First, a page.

Does The Fortnite Community Need A Time Out?

Does The Fortnite Community Need A Time Out?

Written by 

Coleman Hamstead


7th Jun 2021 12:00

It seems like every week, a different Fortnite pro is banned for something immature or just plain stupid they said on social media or did in-game. Every gaming community has its bad eggs, but these toxic individuals seem abnormally prevalent in the Fortnite community.

So what’s the problem? Why is the Fortnite community coming across as so immature? Let’s look at some of these incidents case by case and determine the factors behind the Fortnite community’s behavioural issues.


Cody “Clix” Conrod is one of the biggest names in Fortnite. The young pro has a following of 2.3 million on Twitch with career earnings of over $275,000. However, his popularity did not save him from the long arm of the law. 

In mid-May, Clix sent out a very questionable tweet. Epic found this extremely inappropriate and revoked Clix’s Creator Code as a result. This was a huge blow to the young superstar, costing him tens of thousands of dollars a month in Creator code revenue. Furthermore, Epic Games has removed Clix’s name from all Fortnite Creative Mode maps. It appears Epic Games is trying their best to distance themselves from the rising Fortnite star.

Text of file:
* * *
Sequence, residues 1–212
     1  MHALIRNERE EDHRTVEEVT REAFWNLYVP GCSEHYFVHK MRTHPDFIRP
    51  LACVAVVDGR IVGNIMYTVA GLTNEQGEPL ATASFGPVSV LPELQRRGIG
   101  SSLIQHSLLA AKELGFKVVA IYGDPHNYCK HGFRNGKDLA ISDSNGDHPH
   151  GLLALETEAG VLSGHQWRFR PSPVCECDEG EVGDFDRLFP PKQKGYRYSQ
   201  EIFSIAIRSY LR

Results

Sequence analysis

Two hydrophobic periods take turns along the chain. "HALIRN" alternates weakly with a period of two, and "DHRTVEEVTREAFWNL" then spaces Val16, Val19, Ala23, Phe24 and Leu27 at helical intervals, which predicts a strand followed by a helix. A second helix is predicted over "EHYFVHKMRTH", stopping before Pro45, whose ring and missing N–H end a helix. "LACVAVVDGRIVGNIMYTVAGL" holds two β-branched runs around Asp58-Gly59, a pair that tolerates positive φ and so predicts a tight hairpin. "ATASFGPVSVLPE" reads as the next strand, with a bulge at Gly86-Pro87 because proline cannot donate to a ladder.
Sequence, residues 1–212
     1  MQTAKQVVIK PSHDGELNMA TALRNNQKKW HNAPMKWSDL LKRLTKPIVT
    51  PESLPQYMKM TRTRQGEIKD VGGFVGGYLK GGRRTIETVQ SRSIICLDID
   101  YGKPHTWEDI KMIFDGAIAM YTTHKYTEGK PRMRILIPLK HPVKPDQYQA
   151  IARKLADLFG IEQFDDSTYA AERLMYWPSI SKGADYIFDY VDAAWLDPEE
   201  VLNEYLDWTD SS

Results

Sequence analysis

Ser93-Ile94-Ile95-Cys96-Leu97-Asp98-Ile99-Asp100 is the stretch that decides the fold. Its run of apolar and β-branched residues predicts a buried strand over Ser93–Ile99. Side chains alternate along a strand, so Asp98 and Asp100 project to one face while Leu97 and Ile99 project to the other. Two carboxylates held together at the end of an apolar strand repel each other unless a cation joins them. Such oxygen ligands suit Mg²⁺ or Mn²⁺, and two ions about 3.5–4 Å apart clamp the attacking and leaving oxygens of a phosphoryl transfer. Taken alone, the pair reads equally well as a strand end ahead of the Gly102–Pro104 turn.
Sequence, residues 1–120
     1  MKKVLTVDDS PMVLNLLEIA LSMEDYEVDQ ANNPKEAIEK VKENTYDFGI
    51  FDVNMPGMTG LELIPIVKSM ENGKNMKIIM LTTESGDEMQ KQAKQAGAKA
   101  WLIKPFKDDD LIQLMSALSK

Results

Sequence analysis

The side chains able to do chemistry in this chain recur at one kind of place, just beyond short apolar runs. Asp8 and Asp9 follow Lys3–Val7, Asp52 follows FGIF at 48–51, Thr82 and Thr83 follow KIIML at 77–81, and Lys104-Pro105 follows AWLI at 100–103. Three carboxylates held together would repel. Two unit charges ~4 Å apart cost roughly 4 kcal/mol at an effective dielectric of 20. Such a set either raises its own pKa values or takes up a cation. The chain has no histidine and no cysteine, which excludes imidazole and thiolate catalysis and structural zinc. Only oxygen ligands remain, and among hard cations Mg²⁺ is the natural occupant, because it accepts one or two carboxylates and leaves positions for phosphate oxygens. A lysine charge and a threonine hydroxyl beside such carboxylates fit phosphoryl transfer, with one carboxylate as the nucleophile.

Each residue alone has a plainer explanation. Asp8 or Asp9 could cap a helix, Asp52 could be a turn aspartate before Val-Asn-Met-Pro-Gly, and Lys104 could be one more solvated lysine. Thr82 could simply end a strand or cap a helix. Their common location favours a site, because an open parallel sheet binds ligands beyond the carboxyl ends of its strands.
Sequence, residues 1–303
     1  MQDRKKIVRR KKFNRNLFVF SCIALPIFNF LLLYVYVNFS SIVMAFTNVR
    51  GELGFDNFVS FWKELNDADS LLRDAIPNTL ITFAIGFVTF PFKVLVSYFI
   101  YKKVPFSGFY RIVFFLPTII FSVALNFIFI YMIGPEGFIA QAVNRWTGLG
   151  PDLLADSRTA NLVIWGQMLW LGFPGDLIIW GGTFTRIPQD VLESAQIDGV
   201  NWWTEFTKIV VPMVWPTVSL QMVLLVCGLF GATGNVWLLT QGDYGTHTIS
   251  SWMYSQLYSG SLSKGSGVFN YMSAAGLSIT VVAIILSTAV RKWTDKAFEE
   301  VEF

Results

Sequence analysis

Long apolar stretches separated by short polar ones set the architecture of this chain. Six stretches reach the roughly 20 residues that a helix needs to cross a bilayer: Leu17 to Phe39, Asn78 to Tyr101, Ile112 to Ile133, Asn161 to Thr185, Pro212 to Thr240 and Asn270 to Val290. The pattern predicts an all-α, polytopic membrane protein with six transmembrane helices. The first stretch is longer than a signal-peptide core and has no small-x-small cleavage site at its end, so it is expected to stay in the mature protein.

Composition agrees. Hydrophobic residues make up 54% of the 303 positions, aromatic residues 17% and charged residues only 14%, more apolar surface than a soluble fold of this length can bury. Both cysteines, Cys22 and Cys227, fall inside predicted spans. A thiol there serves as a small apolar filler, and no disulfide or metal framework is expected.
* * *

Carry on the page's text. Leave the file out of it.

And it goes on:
Clix claims that the tweet was a joke, and he expected others to take it the same way. Whether a joke or not, the message was in bad taste. Epic Games does not mess around with this sort of behaviour. Clix has since apologised and claimed he’d learned his lesson, but the consequences remain the same. One small lapse in judgment has cost Clix a ton of income and recognition.

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The drama is not isolated to just the North American region. Russian Fortnite pro “97Default" got him and his team into some serious trouble when he sent out a toxic tweet directed at another squad.